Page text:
For people who don’t know any better, who measure their happiness by conventional means, life is and will always be unsatisfying. To become truly satisfied with life, people need to reduce their desire for things that make them only temporarily happy. That might be a cigarette, or it might be a fifty year marriage to your best friend: everything is temporary. The more desperately people cling to things, the unhappier they are.
Buddha suggests that lifestyle choices, including practicing non-harmfulness and compassion, can protect people from dissatisfaction. The knowledge provided by Buddhist wisdom in turn has a positive effect on people’s intentions and ethical behavior. One of those intentions should be to quiet, then strengthen and muscularize their minds through the practice of meditation. As mindfulness improves, focus improves. Such introspection and contemplation eventually allows people to rid themselves of their delusions. They can be fearless and free by ridding themselves of the ultimate delusion that there is something for them to do after they die. Their ultimate happiness is determined by how strong their minds are.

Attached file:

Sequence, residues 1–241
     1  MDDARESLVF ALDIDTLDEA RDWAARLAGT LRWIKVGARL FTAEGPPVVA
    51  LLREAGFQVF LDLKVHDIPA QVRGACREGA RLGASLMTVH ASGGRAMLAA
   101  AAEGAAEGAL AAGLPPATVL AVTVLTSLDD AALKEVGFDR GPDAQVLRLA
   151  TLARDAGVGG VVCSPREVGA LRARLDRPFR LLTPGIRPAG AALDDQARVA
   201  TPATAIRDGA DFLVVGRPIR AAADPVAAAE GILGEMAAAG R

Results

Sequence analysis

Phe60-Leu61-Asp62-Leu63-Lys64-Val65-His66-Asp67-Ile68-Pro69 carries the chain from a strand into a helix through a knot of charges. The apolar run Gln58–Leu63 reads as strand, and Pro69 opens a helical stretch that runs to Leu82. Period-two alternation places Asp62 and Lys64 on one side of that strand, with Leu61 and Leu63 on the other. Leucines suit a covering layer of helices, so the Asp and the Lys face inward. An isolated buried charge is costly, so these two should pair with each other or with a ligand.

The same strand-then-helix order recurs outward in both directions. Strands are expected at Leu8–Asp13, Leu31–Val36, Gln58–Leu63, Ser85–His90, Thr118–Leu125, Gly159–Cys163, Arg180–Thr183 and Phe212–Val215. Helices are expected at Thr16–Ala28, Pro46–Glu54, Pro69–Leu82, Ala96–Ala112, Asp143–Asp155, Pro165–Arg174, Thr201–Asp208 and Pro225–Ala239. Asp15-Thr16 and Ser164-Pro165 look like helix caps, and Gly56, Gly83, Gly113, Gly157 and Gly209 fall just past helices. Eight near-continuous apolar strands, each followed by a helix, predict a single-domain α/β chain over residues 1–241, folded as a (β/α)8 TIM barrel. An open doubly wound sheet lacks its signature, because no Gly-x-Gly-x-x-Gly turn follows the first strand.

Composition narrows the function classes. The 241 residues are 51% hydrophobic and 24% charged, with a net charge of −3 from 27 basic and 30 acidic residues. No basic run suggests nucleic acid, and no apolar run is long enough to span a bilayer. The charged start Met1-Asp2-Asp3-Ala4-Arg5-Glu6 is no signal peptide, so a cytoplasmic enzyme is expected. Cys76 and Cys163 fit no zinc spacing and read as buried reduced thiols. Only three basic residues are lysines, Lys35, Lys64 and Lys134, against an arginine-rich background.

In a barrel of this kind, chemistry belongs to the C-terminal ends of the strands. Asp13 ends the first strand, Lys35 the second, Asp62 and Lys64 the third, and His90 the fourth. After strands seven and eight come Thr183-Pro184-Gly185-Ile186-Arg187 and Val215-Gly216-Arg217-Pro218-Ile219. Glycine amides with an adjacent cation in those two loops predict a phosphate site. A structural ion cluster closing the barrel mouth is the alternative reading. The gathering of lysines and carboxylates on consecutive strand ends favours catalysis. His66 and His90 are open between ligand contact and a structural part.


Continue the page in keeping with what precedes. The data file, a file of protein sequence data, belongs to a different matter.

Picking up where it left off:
Buddha said people can believe in anything they want, but it’s better not to.